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Mazda Continues to Amaze!

Mazda Continues to Amaze!

RE: Mazda Continues to Amaze!

Yeah if I was wealthy I'd would have and now would be patenting some of my ideas. Oh well I'll just wait and someone else will figure it out. That's how it works for me. And funny how they gave up on their baby, the Wankel.

RE: Mazda Continues to Amaze!

Rotarys in their current design just aren't feasible with today's emission and efficiency requirements. They were definitely cool in their day though.

RE: Mazda Continues to Amaze!

Engines used as generators for electrics may allow expanded use of ported engines (two strokes, Wankels, etc) which can be clean and efficient when operated at fixed RPM and load. I'm pretty sure that is what's behind Mazda's idea to use a Wankel as a range extender.

RE: Mazda Continues to Amaze!

Okay, but what's the deal with the weird pocket in the piston crown?

Mike Halloran
Pembroke Pines, FL, USA

RE: Mazda Continues to Amaze!

Must have something to do with the direct injection scheme. The linked article mentions it but does not explain it.

"A number of improvements to the Miata's combustion process were implemented, too. The shapes of the combustion chamber and piston feature a number of modifications to increase tumble flow speed, and thus, and knock resistance. A new high-pressure fuel injection strategy makes combustion more efficient, too.

There's some clever stuff going on with electronic controls here, too. At low RPMs, fuel is injected during the heat and pressure strokes, and just before the power stroke to create a richer mixture around the spark plug, creating more stable combustion. This was critical to give this engine a boost in low-RPM torque, but not at the expense of refinement and fuel economy."


The Help for this program was created in Windows Help format, which depends on a feature that isn't included in this version of Windows.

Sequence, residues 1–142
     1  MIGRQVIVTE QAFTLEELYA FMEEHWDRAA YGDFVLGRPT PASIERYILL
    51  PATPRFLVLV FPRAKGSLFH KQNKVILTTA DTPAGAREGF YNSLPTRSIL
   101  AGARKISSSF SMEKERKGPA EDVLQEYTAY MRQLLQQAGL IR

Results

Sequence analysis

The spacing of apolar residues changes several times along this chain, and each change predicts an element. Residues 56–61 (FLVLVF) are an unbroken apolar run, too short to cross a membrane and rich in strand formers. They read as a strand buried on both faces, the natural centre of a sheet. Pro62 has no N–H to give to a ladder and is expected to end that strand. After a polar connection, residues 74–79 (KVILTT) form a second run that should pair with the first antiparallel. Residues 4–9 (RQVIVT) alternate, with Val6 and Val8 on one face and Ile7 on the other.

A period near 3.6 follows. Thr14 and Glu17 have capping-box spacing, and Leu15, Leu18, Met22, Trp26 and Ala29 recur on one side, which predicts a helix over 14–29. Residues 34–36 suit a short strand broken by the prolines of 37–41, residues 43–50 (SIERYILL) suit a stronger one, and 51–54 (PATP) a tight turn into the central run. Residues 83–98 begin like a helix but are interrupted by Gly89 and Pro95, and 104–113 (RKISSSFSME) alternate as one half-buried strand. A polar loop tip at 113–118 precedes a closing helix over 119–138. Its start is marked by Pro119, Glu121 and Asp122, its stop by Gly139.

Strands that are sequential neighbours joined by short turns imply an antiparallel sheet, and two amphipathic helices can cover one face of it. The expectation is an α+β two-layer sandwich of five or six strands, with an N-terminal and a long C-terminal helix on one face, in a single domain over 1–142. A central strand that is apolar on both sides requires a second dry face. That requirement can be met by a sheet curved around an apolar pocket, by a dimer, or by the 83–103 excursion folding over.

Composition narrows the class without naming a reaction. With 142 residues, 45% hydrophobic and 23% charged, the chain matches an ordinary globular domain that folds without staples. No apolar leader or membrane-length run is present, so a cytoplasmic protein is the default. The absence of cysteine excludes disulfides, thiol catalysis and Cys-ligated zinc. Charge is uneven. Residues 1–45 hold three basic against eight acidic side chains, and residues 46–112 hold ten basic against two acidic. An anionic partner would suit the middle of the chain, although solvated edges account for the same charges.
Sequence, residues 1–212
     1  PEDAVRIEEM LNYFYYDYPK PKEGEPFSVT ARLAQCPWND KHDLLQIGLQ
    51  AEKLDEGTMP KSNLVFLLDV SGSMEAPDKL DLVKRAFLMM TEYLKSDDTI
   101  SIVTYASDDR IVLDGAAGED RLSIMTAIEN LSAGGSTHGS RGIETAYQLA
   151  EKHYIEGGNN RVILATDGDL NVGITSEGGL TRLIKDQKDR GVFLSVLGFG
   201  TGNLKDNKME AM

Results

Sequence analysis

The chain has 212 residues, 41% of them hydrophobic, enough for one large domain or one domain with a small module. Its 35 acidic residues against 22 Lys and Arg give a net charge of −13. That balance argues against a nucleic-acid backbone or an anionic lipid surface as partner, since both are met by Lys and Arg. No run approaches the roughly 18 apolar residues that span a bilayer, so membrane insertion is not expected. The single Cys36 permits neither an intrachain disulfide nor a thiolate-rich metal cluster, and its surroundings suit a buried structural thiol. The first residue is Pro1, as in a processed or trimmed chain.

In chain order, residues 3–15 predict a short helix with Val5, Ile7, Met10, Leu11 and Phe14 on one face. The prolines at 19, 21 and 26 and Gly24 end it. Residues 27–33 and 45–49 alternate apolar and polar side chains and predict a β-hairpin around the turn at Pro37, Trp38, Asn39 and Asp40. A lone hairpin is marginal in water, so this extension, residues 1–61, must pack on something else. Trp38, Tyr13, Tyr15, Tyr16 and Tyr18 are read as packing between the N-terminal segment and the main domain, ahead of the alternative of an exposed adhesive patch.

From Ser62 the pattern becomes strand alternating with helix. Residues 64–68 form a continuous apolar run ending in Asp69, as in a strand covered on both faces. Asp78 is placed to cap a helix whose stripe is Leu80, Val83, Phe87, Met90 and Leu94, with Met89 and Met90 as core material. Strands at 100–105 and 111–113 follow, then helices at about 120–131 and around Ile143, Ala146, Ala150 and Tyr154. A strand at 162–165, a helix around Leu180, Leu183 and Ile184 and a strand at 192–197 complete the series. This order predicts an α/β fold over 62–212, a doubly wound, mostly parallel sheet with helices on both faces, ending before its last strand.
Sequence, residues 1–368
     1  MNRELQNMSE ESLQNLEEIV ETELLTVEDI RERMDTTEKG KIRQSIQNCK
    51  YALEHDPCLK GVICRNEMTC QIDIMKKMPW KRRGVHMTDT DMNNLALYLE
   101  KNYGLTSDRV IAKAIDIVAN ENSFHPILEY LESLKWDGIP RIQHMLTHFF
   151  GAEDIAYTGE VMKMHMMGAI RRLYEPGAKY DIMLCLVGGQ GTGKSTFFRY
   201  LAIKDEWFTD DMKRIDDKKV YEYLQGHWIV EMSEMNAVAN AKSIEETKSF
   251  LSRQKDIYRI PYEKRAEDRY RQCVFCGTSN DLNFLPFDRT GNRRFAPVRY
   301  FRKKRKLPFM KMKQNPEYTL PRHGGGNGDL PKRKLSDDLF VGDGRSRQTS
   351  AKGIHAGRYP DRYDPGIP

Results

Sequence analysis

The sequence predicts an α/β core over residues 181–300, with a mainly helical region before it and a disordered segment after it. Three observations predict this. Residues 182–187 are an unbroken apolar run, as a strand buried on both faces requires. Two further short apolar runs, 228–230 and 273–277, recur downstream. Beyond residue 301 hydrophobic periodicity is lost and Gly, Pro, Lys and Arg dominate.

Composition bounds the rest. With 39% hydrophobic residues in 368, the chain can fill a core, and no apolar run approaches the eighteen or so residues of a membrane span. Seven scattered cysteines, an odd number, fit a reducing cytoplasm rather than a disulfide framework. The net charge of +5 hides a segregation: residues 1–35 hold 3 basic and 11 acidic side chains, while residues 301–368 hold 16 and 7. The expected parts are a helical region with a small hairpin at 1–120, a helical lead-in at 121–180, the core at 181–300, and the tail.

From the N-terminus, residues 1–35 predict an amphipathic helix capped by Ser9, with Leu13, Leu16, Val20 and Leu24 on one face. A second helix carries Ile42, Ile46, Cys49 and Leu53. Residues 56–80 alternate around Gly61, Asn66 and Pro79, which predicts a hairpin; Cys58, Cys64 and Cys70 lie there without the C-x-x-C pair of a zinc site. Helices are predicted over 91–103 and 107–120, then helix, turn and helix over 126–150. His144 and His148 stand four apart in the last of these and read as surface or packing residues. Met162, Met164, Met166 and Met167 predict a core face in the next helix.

RE: Mazda Continues to Amaze!

All of the Mazda Skyactiv engines have that bowl in the piston. Under some operating conditions, they are controlling detonation by injecting fuel late in the compression stroke so that the bulk of it stays within that bowl and doesn't get out to the periphery of the cylinder, which is where detonation usually sets in. Can't detonate with no fuel in the air out there.

RE: Mazda Continues to Amaze!

Bowl in the piston - anything to do with flame quenching?

RE: Mazda Continues to Amaze!

"Quench" is old thinking. You don't want the flame to go out, you want it to keep burning until as much of the HC and CO are consumed as possible.

"Squish", on the other hand ... The bowl-in-piston arrangement promotes plenty of it. It's not quite to the same extent as with a diesel engine, but it is headed in that direction. Note the flanks on the sides of the dome; I'm quite sure these match up pretty closely with the chamber walls in that area.

In certain operating modes, the Skyactiv engines inject fuel late in the compression stroke, and a fair bit of it would remain within that bowl and close to the spark plug, with lots of charge motion to mix the fuel and air. There is no "quench" (old school hot-rodder thinking and terminology) because there is next to no fuel out in the far reaches of the chamber anyhow. Can't have detonation if there is no fuel to burn.

The Skyactiv-G engines don't use lean-burn; that's a no-no for the emission controls. The overall chamber has to be stoichiometric but it can be rich in the vicinity of the spark plug (easier ignition) and lean outside of that, and then the squish turbulence would mix it all up near TDC and allow the (already-ignited before TDC) combustion to complete.

RE: Mazda Continues to Amaze!

"You don't want the flame to go out"... that is exactly what I was trying to tell. Won't the bowl increase the flame quenching distance?

RE: Mazda Continues to Amaze!

Trying to intuit combustion behavior in a modern engine is futile in my opinion. These days, it's all done with chemical kinetics code integrated in CFD code. This is really the only way to understand the fine detail of how combustion proceeds in a modern engine.

RE: Mazda Continues to Amaze!

Combustion systems don't design themselves, nor are they designed by CFD. They are still designed by people, based on hunches and experience. CFD can provide insight and can test ideas, if you trust it and use it wisely.


RE: Mazda Continues to Amaze!

I think it's combustion modeling (CFD/Chemical Kinetics using Chemkin or similar), test on instrumented engines (such as the one shown at www.ntnu.edu/ept/internal-combustion-engine-labora...), update models based on measurements, and repeat. That's how we designed new systems during my career in research and development (not engines, but a similar process of modeling validated and refined by experiment).

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